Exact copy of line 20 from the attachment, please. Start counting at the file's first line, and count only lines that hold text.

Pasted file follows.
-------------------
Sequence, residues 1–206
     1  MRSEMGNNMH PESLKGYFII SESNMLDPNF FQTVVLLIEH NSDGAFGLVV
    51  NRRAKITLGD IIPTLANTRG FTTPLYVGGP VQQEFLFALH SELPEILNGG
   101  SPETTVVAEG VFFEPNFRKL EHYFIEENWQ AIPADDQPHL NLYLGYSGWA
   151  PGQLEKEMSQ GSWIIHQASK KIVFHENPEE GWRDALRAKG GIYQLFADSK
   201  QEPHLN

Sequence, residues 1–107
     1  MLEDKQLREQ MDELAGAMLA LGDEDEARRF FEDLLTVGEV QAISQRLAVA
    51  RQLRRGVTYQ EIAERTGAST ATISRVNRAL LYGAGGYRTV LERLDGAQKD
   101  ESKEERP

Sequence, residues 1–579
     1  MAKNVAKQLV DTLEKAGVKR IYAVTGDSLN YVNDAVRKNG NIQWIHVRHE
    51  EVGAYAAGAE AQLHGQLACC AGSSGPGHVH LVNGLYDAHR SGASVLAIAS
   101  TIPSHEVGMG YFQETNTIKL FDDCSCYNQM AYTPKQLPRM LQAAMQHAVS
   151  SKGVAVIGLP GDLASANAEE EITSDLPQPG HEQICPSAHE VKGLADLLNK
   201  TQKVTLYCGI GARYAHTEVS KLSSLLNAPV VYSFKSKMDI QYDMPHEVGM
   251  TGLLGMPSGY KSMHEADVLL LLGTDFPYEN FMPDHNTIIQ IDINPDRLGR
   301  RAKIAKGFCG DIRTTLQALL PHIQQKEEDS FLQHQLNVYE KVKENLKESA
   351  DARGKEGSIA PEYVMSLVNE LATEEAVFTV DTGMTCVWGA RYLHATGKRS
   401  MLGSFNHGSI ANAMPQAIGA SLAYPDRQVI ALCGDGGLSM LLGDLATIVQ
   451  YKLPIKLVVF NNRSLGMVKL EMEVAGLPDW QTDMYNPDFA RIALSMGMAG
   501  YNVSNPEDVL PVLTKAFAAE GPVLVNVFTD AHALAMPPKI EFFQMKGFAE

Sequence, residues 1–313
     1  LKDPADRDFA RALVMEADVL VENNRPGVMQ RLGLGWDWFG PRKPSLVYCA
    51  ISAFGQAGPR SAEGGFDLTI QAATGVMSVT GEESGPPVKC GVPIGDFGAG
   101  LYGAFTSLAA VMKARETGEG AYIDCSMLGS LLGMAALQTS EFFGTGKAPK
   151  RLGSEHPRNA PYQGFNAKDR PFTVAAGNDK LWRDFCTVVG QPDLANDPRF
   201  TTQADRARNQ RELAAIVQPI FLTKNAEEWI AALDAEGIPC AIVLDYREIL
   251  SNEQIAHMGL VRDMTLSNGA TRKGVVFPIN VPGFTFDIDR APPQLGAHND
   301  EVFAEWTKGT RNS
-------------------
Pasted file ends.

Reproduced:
   401  MLGSFNHGSI ANAMPQAIGA SLAYPDRQVI ALCGDGGLSM LLGDLATIVQ